The government has outlined in a white paper how it plans to improve the lives and opportunities of children in care.
Confidence can slump without stability
The proposals include the right to remain in foster care until at least 18, no school moves for children in years 10 and 11, 'councils' formed for children in care and exclusion from school made an absolute last resort.
Children's charities and foster groups have largely welcomed the plans, but fear it may have fallen short in some aspects.
Children's charity NCH described the White Paper as "a huge step forward" which will improve the lives of the country's most vulnerable youngsters.
However, it said the government needed to do more to improve mental health services and said there must be a greater emphasis on preventing children entering care in the first instance.
NCH Chief Executive Clare Tickell said: "Most of us take it for granted that we can talk to a family member or friend about our emotions if we are feeling down, but for many children in care, this is a luxury they don't have."
Research by the charity highlighted a link between the emotional well-being of a child and social mobility in later life.
The NCH said there were also concerns over the lack of reference in the paper to early intervention services that prevent children from entering the care system in the first place.
Ms Tickell added: "Too many children dip in and out of care resulting in unnecessary disruption and a lack of stability which can prove very damaging.
"By working intensively with families to prevent breakdown through stable support for both the child and parents, it is possible to keep the child in the family home."
No pay rise
Meanwhile, the Fostering Network, which oversees England's 37,000 foster families, praised plans to allow young people to stay with foster carers until 21 and the increase in training and support for foster carers.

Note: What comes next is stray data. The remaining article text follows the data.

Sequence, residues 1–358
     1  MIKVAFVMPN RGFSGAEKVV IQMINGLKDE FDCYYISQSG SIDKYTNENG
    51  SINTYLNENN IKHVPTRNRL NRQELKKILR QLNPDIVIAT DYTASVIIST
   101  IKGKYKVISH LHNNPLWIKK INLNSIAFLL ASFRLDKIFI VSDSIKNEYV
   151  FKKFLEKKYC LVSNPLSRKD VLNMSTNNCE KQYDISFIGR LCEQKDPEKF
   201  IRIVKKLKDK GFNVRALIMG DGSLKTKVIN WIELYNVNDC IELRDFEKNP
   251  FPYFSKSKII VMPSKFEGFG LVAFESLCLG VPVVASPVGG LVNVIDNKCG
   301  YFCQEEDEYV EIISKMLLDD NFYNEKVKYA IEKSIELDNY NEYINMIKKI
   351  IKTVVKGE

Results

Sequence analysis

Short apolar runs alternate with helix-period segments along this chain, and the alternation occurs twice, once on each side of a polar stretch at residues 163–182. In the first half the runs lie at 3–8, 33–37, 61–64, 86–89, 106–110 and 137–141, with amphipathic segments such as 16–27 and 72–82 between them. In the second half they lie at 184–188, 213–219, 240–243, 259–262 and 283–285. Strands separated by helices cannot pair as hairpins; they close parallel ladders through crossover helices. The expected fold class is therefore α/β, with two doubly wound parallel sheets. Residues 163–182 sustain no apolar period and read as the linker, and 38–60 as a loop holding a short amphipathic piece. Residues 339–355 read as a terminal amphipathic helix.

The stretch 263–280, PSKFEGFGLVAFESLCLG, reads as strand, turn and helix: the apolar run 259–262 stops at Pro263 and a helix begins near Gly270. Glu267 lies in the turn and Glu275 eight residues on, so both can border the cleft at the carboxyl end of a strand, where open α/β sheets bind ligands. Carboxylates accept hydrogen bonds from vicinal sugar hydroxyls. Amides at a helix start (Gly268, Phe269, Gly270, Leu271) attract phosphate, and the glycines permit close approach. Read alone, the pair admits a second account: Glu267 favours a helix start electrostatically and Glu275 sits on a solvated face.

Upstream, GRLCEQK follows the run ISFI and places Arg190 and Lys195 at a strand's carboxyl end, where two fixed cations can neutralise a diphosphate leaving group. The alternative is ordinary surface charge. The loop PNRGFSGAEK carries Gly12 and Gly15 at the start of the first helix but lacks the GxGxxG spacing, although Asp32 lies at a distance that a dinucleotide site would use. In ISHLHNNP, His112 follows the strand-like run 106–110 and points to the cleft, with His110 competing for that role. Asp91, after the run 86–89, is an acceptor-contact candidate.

However it said it was "disappointing" that the paper failed to address the registration of foster carers, which had featured in the earlier green paper.
It also felt foster carers' pay should have risen - currently, two in five receive no income for their work, and a third rely on state benefits.
There are fears that without pay rises the current recruitment crisis - England is already short of 10,000 carers - will worsen.
Chief executive Robert Tapsfield said: "Foster carers are increasingly required to undertake fostering as a full-time profession. They are expected to take on a range of duties such as attending court and case meetings, and have to be skilled in many areas such as child development and education.
"Yet they are all too often treated as volunteers, despite looking after some of society's most vulnerable children."
A 2005 report by the charity suggested £633m a year was needed to transform foster care services in England so children in care had the same opportunities as other children.
What children want
What Makes The Difference? (WMTD), an umbrella group which lobbies on behalf of children in care, was involved in the consultation process for the green paper with the education department.
The group held four events in London, Newcastle, Manchester and Exeter where 400 young people told organisers what they wanted to see in the paper.
The main issue to emerge was the need for stability, at school and at home.
Lucy Sweetman, a WMTD manager, said children with stability were more likely to feel confident and their education was less likely to suffer.
This, she said, had been strongly reflected in the paper. There was also praise for the government in accepting that the council had to act as parent.
Ms Sweetman said there was a need for a "lead professional", whether a personal adviser or social worker, for every child in care.
This would mean that individual could deal with all the child's needs from buying them a new pair of trainers to fighting exclusion from school.
However she had hoped the paper would give children more of a voice within the local authority structures.
While there are plans for a 'council' of children in care, she wanted to see more evidence that young people would be at the very heart of decision making.